I’m behind at the allotment. The reason? The wet and windy weather we had before the heatwave.
The idea of digging two rows every day so all the winter digging is done before Christmas is always my aim. But when you are nearly 80, it’s important not to work when the weather is bad.
This year I’m enjoying areas of the allotment which look good and am doing a lot more hoeing with my stainless steel Swoe.
It’s difficult keeping up with all the jobs that need doing in the garden and in particular at the allotment.
The trouble is I plan to do one job then find there’s something more urgent needing to be done like netting a cherry tree because every pigeon in Waterlooville flies in and devours the fruit as if there’s no tomorrow.
The same applies to strawberries – 42 plants in a raised bed – this time attacked by crows who pulled off the fruits while they were very small. The darn critters jump up and down on the nets until they can peck off the fruits.
I have had similar problems with carrots growing under micromesh netting supported by plastic water piping with the netting secured by push pins in the wooden edges of the raised bed. Wonderful carrots, no carrot fly, but the other night I decided to weed the bed and was astonished to find the weeds were so high they were pushing the net off the bed.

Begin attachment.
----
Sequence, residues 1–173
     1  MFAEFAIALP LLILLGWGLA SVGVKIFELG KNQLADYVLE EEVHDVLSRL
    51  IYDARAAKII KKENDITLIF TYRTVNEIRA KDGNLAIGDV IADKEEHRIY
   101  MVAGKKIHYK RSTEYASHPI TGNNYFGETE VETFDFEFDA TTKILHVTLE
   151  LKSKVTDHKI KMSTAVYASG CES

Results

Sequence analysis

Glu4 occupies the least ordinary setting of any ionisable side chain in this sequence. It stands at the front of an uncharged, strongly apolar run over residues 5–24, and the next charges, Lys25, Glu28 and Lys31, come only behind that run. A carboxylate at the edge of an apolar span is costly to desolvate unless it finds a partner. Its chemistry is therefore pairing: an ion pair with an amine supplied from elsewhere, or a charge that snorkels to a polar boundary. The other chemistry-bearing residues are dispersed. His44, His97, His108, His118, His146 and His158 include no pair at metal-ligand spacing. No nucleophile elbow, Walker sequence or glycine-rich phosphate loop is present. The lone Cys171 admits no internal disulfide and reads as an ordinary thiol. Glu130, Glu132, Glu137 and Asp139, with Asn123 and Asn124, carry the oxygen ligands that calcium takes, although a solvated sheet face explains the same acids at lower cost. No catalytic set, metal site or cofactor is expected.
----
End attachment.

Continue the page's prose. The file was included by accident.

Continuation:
Never mind, half the bed has been weeded, then given a good drench of water. Hopefully, because the weeding was done in the evening, the carrot fly didn’t descend on to the carrots.
Everyone is concerned about blackfly, first of all on broad beans, and then on runner beans. It has been a bad year for blackfly. Derris has been withdrawn, which was one of the safest products to use on edible crops, but there is an alternative. Pyrethrum, which is safe if used properly late in the evening, is one that is listed as organic.
I have been told I may be breaking the law if I use a tablespoon of liquid soap flakes in two gallons of water, but it does a good job and if applied as a spray late in the evening on a dull day the foliage isn’t scorched.
At home the garden looks wonderful because Pam is out there every day and I am doing a bit more to help her. We now take a bucket with us whenever we go into the garden because as we walk around we find weeds or a plant which needs deadheading.
All this goes into a huge compost bin which I emptied last year. It’s now half-full and by the end of the summer will be full again. One part urine to seven parts water, sprinkled not poured, encourages hundreds of tiny red worms which break down the rubbish into wonderful compost so everything taken out of the garden is returned as well-rotted compost.